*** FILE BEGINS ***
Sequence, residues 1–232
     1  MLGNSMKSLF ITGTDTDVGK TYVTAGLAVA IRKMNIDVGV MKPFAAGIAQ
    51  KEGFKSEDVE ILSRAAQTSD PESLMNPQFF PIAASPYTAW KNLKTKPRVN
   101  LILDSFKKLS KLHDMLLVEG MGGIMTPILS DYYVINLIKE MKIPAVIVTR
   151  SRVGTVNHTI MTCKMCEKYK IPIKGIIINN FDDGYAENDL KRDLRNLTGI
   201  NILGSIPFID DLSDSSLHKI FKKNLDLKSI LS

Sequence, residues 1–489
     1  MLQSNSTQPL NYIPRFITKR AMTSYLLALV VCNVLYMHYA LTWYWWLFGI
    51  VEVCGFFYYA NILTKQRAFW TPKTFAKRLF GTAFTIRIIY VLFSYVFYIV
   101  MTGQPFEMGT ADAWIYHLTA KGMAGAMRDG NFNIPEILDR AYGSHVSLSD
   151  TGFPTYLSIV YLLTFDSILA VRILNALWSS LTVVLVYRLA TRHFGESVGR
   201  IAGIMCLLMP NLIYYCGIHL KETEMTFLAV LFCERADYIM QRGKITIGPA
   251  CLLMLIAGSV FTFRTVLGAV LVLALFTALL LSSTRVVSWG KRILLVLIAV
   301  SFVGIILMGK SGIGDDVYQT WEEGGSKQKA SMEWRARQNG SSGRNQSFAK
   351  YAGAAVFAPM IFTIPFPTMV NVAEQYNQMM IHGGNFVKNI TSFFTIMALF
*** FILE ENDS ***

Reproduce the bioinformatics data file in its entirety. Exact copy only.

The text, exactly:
Sequence, residues 1–232
     1  MLGNSMKSLF ITGTDTDVGK TYVTAGLAVA IRKMNIDVGV MKPFAAGIAQ
    51  KEGFKSEDVE ILSRAAQTSD PESLMNPQFF PIAASPYTAW KNLKTKPRVN
   101  LILDSFKKLS KLHDMLLVEG MGGIMTPILS DYYVINLIKE MKIPAVIVTR
   151  SRVGTVNHTI MTCKMCEKYK IPIKGIIINN FDDGYAENDL KRDLRNLTGI
   201  NILGSIPFID DLSDSSLHKI FKKNLDLKSI LS

Sequence, residues 1–489
     1  MLQSNSTQPL NYIPRFITKR AMTSYLLALV VCNVLYMHYA LTWYWWLFGI
    51  VEVCGFFYYA NILTKQRAFW TPKTFAKRLF GTAFTIRIIY VLFSYVFYIV
   101  MTGQPFEMGT ADAWIYHLTA KGMAGAMRDG NFNIPEILDR AYGSHVSLSD
   151  TGFPTYLSIV YLLTFDSILA VRILNALWSS LTVVLVYRLA TRHFGESVGR
   201  IAGIMCLLMP NLIYYCGIHL KETEMTFLAV LFCERADYIM QRGKITIGPA
   251  CLLMLIAGSV FTFRTVLGAV LVLALFTALL LSSTRVVSWG KRILLVLIAV
   301  SFVGIILMGK SGIGDDVYQT WEEGGSKQKA SMEWRARQNG SSGRNQSFAK
   351  YAGAAVFAPM IFTIPFPTMV NVAEQYNQMM IHGGNFVKNI TSFFTIMALF